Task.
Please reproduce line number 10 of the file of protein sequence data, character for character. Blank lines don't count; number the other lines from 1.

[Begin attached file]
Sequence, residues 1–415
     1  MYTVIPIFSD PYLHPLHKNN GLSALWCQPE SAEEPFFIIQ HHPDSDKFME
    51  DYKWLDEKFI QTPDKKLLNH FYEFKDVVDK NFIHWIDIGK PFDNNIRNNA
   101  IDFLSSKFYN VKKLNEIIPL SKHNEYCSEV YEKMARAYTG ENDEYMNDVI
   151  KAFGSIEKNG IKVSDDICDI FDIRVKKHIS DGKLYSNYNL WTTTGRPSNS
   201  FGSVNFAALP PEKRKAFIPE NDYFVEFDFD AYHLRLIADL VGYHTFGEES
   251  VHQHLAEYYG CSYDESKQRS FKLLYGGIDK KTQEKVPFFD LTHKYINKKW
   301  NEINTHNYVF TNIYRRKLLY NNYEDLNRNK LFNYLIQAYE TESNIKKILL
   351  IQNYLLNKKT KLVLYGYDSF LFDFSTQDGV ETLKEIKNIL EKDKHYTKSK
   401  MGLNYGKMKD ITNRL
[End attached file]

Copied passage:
   401  MGLNYGKMKD ITNRL